• Also during this month, three papers written all or in part by authors associated with Microsoft Research were named winners of the ACM Special Interest Group on Operating Systems Hall of Fame Award for significant research papers that have stood the test of time for at least a decade. Butler W. Lampson, Mike Schroeder, Gray, and the late Roger Needham were the Microsoft Research honorees.
  • Another award of distinction went to Christopher M. Bishop, Microsoft distinguished scientist based at Microsoft Research Cambridge. Bishop was named a vice president of the U.K.’s Royal Institution, for which he will be responsible for creating and delivering an online digital strategy. In 2008, he had delivered the renowned Royal Institution Christmas Lectures.
  • Microsoft Research also demonstrated several new, natural user interfaces during the ACM’s Symposium on User Interface Software and Technology, including LightSpace—which combines elements of surface computing and augmented reality to create an interactive space in which any surface can be fully interactive—and new tools for pen-plus-touch computing.


Andrew Herbert, managing director of Microsoft Research Cambridge since 2003, was elevated to the role of chairman of Microsoft Research’s Europe, Middle East, and Africa region. He was succeeded as head of Microsoft Research Cambridge by Andrew Blake, who joined the facility in 1999, founded the Computer Vision group, and was named deputy managing director in 2008.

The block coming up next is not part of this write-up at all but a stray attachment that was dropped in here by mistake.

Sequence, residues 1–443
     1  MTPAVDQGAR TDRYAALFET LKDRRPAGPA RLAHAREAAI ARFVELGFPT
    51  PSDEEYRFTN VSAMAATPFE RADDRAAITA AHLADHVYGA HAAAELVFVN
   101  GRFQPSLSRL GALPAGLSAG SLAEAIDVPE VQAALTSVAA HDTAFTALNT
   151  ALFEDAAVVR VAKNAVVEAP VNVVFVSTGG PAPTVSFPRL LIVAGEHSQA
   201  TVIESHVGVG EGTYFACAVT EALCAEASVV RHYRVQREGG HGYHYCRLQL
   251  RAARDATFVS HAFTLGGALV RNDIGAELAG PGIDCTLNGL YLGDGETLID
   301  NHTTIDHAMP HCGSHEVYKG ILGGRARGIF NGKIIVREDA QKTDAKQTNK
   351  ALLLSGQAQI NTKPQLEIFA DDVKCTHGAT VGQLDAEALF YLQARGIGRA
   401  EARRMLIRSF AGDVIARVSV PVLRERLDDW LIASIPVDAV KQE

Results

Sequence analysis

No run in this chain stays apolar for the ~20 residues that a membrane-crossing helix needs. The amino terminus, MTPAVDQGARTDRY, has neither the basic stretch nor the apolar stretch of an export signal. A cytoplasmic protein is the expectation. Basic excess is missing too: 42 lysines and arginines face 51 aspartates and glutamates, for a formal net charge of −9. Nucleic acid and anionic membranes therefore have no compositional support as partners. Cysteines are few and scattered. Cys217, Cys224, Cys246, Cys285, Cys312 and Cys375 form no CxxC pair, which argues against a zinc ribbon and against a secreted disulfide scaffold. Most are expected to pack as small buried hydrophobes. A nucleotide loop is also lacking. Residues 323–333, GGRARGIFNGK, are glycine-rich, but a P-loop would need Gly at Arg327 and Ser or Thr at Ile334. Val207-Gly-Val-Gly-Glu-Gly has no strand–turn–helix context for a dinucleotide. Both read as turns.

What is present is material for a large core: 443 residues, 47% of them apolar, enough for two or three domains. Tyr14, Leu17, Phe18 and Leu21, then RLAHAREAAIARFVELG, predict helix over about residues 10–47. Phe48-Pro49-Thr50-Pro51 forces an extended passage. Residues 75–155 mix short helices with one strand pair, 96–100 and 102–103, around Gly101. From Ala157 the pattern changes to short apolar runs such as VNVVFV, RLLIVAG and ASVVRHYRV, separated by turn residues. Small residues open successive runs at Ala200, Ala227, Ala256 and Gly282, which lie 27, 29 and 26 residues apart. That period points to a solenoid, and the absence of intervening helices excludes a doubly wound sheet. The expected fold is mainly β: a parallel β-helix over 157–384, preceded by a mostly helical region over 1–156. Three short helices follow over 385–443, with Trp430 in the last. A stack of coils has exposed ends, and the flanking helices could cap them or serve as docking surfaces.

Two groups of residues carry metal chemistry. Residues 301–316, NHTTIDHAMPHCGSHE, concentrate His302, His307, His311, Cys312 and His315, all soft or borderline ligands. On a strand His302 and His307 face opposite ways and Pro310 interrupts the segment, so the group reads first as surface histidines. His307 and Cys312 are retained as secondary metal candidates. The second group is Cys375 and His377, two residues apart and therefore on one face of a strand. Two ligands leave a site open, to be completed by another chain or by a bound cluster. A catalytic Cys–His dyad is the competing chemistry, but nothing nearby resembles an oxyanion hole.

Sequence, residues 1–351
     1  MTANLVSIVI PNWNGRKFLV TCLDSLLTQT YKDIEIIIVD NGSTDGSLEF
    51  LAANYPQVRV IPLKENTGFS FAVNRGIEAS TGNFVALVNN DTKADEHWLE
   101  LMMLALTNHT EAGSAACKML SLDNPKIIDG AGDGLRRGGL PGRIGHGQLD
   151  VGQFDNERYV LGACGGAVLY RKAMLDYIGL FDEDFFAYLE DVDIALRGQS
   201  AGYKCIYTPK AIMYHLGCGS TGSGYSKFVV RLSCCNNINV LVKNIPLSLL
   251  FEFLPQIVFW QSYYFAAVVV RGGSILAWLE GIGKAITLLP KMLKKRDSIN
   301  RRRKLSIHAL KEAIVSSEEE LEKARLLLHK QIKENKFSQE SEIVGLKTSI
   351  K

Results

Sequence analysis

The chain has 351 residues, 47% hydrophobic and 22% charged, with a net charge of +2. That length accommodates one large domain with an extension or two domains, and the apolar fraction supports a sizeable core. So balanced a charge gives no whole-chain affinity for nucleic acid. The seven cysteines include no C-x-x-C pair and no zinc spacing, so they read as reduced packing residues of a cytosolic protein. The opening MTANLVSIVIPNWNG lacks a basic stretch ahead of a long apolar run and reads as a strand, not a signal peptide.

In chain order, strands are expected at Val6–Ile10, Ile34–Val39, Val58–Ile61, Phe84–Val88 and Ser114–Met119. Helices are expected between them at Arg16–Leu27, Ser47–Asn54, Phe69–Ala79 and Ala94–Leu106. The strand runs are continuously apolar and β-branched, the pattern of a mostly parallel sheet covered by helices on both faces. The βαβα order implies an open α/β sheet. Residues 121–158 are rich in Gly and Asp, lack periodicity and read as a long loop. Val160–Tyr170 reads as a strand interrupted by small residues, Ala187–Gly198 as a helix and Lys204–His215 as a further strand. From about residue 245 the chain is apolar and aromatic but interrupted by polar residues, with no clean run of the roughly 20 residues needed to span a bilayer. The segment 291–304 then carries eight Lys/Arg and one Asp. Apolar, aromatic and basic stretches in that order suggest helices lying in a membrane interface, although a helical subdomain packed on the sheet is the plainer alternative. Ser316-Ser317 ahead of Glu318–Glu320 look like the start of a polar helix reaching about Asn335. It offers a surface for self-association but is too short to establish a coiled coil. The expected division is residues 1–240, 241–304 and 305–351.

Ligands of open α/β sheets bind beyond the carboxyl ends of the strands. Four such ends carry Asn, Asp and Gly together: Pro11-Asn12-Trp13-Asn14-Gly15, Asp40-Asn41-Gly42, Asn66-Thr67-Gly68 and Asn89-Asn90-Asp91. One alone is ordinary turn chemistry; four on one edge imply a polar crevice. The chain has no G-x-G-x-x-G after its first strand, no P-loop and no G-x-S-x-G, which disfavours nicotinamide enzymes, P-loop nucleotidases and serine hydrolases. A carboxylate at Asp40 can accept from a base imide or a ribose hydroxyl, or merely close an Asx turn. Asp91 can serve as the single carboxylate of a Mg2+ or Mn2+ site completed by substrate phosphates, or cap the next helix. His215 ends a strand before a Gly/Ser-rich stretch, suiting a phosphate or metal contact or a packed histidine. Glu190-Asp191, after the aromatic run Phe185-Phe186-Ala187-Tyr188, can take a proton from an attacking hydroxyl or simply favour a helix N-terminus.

On Dec. 9, Microsoft Research New England hosted a workshop entitled Computational Aspects of Biological Information, which brought together more than 100 Boston-area experts to discuss challenges in computational biology.

  • The Path of Go, a new Xbox Live Arcade game, was launched by Microsoft Research Cambridge. Developed as part of that facility’s broader drive to develop and apply machine-learning principles, the game included artificial intelligence developed using F#.
  • As the year began to wind down, Microsoft Research received one more bit of heartwarming news. Tony Hoare, winner of the Turing Award in 1980, was announced as the 2011 recipient of the Institute of Electrical and Electronics Engineers’ John von Neumann Medal, presented for outstanding achievements in computer-related science and technology.

A bit of celebration was thus in order. For Microsoft Research, 2010 proved quite a fruitful and rewarding year.